When one gets down to verse 43 and the statement “and the possessions and the goods they were selling and were dividing them to all, as anyone need had,” the Greek word “ktēmata” as to be recognized as meaning “possessions,” but this is more a reference to land holdings or “property” owned than all the things surrounding one at home.  Those are summed up in the Greek word “hyparxeis,” which means “goods, substance, property, possessions” as well as “subsistence, existence, property.”  The key word of translation is then the Greek verb “epipraskon,” which says “they were selling.”  However, therein lies the mistake everyone makes, unless guided by the Holy Spirit to understand.


The root Greek word for “epipraskon” is “pipraskó,” which means “ I sell; pass: I am a slave to, am devoted to.”  The way this word should be read is then as “ridding.”  The apostles were “ridding themselves of dependencies to property and goods.”  To think that only means “to sell,” then one has done nothing but exchange one thing of slavery (possessions and goods) for another (love of money). 


It is then important to realize that Jesus had told a young Pharisee (I believe he was Nicodemus), “Follow the Law, sell everything you own and give to the poor, then follow me.”  The Pharisee could not understand that and neither could the Episcopal priest whose sermon I listened to.  If one is led by the Christ Mind, one sees the idiocy of taking one’s slavery to money and making some other poor bastard take it away from you.  The mistake is to think taking from the rich and giving to the poor solves anything, when the reality is it simply makes the rich poor and the poor rich, same situation reversed.  Thus, verse 43 says, “the properties, the goods of the apostles they ceased being slave to, so they stopped being possessive and judging others by what they had or did not have and divided what they had so OTHER APOSTLES could have their needs OF MINISTRY met.” {Again, I paraphrase intuitively.]


The Episcopal priest made a point of jumping ahead in Acts to the story of Ananias and Sapphira (Acts 5), saying they tried to hold back a little of their money from land sold and “that did not work out well for them.”  It did not work out well because those two were not truly filled with the Holy Spirit and not true apostles.  They were WANTABES and they “gave up the ghost” (their soul of life breath) from trying to lie and pretend they were.  The measure of an apostle is not about hard currency, or lack thereof.  Peter told them that God never made any demands on them to sell anything.  God knows not everyone is made of the cloth from which true Christians are made.  Everyone can be if they truly desire God and seek Him out; but, ask ole Karl Marx how well that works out … in reality, not utopia.  I’m sure his soul knows by now.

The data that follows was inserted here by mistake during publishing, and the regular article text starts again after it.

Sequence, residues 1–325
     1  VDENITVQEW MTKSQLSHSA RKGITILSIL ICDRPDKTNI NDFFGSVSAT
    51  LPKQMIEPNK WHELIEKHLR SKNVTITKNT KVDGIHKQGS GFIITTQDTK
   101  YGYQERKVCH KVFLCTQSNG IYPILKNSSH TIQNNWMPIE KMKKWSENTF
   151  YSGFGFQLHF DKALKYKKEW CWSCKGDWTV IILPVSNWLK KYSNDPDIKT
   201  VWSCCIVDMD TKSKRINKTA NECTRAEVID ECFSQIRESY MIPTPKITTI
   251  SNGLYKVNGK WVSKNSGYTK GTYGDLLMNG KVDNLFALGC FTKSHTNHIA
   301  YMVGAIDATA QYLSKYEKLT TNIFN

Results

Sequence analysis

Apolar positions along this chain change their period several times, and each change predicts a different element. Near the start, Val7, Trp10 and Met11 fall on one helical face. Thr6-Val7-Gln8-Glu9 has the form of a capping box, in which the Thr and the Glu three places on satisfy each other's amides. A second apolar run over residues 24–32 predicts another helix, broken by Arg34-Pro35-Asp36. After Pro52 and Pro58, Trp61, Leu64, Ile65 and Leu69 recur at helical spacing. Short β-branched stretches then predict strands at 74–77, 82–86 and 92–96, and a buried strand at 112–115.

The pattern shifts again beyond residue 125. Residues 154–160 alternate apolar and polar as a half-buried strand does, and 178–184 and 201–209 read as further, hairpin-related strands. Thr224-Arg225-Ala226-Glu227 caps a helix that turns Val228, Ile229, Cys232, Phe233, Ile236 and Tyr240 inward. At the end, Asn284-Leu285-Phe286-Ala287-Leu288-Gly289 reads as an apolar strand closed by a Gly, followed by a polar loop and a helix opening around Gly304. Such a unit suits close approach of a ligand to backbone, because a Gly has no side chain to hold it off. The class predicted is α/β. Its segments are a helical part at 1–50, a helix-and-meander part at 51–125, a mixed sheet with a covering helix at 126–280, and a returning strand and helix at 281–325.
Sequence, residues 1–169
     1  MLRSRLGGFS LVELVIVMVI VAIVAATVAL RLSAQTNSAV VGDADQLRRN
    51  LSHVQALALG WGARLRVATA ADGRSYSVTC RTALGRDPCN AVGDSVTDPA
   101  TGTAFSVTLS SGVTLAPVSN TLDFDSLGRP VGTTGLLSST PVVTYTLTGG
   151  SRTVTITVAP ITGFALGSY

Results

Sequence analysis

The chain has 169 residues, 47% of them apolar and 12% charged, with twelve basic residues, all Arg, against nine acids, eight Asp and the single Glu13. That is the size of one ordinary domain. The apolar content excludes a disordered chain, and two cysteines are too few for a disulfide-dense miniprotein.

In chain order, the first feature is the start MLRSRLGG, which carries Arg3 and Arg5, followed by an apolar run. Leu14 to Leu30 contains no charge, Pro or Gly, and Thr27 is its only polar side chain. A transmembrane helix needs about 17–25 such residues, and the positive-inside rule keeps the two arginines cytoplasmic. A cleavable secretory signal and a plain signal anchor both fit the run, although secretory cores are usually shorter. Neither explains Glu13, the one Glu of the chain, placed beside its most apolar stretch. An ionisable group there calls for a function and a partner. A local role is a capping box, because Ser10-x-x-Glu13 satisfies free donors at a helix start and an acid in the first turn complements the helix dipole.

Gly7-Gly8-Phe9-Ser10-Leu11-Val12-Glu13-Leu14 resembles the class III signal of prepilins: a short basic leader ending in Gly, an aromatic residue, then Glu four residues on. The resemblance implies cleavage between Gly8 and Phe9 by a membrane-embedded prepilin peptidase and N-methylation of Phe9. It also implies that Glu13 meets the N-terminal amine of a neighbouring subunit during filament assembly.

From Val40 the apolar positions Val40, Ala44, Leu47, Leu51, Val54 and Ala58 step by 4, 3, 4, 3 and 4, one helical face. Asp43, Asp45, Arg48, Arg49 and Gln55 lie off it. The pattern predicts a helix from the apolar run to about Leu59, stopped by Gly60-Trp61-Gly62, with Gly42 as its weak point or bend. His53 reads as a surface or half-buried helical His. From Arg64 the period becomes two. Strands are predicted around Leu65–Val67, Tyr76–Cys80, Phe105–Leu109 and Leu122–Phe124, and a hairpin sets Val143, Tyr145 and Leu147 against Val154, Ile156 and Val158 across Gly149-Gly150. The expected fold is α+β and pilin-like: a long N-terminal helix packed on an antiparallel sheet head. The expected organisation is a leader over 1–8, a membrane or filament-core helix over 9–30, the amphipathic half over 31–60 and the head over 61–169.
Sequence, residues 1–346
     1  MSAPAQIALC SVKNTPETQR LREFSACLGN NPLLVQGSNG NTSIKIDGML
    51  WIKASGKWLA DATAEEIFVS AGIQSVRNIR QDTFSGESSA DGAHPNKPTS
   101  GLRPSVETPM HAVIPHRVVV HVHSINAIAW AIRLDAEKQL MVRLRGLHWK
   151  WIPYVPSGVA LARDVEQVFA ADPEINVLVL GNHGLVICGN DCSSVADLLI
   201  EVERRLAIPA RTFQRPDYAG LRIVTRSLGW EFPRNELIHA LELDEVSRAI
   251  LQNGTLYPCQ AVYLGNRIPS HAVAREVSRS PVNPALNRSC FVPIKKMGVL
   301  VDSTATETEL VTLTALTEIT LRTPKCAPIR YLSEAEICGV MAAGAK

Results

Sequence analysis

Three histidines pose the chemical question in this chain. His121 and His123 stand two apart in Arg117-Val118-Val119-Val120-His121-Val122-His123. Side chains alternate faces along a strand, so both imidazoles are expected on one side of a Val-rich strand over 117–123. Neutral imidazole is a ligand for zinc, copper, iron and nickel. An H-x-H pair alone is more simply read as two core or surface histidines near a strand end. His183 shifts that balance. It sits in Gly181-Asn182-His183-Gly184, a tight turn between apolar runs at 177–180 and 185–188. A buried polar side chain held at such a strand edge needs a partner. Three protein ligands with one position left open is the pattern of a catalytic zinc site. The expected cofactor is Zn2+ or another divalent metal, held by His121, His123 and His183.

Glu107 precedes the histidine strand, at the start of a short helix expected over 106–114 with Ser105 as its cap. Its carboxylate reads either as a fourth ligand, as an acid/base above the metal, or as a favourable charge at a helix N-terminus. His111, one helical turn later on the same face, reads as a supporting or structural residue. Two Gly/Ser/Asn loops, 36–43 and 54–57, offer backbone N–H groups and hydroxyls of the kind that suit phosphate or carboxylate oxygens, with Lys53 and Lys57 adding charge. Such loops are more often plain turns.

When verse 46 states, “Every day and steadfastly continuing with one accord in the temple,” the Greek word translated as “one accord” is “homothymadon.”  That word means “with one mind.”  That “one mind” is the Christ Mind.  The “temple” is not Herod’s Temple, but the one we all know: the body is the “temple” of the soul.” When the verse continues to state, “breaking then at each house bread,” that means the three thousand apostles each took the Christ Mind home with them, to their families.  There, they could have the same affect on loved ones as Peter and the eleven had on them.  They are steadfastly continuing the teaching by breaking and scattering, going to three thousand different houses of worship – the truest meaning of a “church” (“ekklēsia“).  In each house the “bread” of Heaven was served to nourish souls, not bellies.  When the verse ends by stating, “they were partaking of food with gladness and sincerity of heart,” the Greek word translated as “food” is “trophēs,” which also means “nourishment or maintenance”.


When verse 47 begins is says, “praising God.”  The apostles and their families had found gladness and sincerity in their hearts that filled them with greater awe, so they gave praise to the source of that, which was Yahweh.  Without that presence WITHIN ONE’S SOUL-BEING one cannot truly give God praise.  Praise is not uttered words, but actions that speak louder than words. 


When verse 47 continues to state, “having favor with all the people,” the word translated as “favor” (“charin“) actually means “grace, as a gift or blessing brought to man by Jesus Christ.” (Strong’s)  That means wherever a true apostle walked the “people” (mostly Jews in the beginning) could feel the presence of God’s grace.  The apostles projected the kindness of Christianity that does not condemn people for going to the beach or carrying guns legally.  Kindness teaches the truth without bending or twisting it to suit one’s agenda.  Thus, we read “the Lord kept adding those who would be saved every day to their number.”


Unfortunately, that happy ending is not so much the case today.


Amen